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Mr. COBURN. Madam President, I wish to speak for a few minutes on the bill we are proceeding toward and to ask a few questions of the American public.
We have a bill that is going to regulate tobacco, and I am OK with us regulating tobacco. I do not have any problems with it. I think we should do it. What we should be doing is banning tobacco. Nobody up here has the courage to do that. It is a big business. There are millions of Americans who are addicted to nicotine. And even if they are not addicted to the nicotine, they are addicted to the habit.
But we have a bill, we are trying to do something positive, and we find ourselves constrained by our own shortsighted vision. We have an agency called the Food and Drug Administration. I have had a lot of experience with them. I manufactured medical devices in the 1970s and had several investigational new drug permits under them. I know the rigors under which INDs are managed and the care that is put forth by the employees of the Food and Drug Administration, as well as their advisory councils, as we go through that.
But if we go back and look at the charge of what the Food and Drug Administration is, the Food and Drug Administration is about safety and efficacy--``safety,'' meaning they are responsible to make the judgment that if we are going to approve this medicine or this device that is within an acceptable risk--there is always going to be down sides to anything they approve, but within an acceptable risk, in total, it is going to be better for the country.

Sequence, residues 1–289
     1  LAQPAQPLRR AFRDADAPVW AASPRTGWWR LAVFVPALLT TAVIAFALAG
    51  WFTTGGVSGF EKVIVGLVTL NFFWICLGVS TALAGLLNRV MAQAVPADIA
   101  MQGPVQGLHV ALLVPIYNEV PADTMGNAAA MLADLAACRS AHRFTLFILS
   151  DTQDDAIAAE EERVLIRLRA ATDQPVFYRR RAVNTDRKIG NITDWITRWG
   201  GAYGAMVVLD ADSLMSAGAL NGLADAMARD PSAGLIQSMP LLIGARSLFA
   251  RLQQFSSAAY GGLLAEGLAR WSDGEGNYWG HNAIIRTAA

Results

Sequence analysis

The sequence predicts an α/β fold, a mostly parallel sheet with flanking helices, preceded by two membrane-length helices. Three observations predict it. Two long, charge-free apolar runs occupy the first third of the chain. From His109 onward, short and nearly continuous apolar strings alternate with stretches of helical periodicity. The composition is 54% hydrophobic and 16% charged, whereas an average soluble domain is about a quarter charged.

In this bill, we allow existing tobacco products not ever to be eliminated. So we are going to take products that we know are not safe and we know are not efficacious and we are going to apply the resources of an agency that is having trouble meeting its demands right now, as well as meeting the demands of food safety right now, and we are going to take resources and put them there.
The first problem with that is we send a totally mixed message to the Food and Drug Administration: Your job is no longer about safety and efficacy; your job now is to warn everybody about the downside of tobacco.
We know that. What we have to do is stop new addiction. We know that. If we really want to make a difference in health and we want to eliminate dependence on tobacco, what we have to do is to stop the addiction. We have had all of these lawsuits through the years where billions of dollars have gone into attorneys' coffers, and about 40 percent of it has gone into, supposedly, stop-tobacco-use programs, and we are going to say to the Food and Drug Administration: Your job is about safety and efficacy, making sure that what it says it does, it does, and we are going to turn them into a different kind of agency. I believe that is where this bill is misdirected.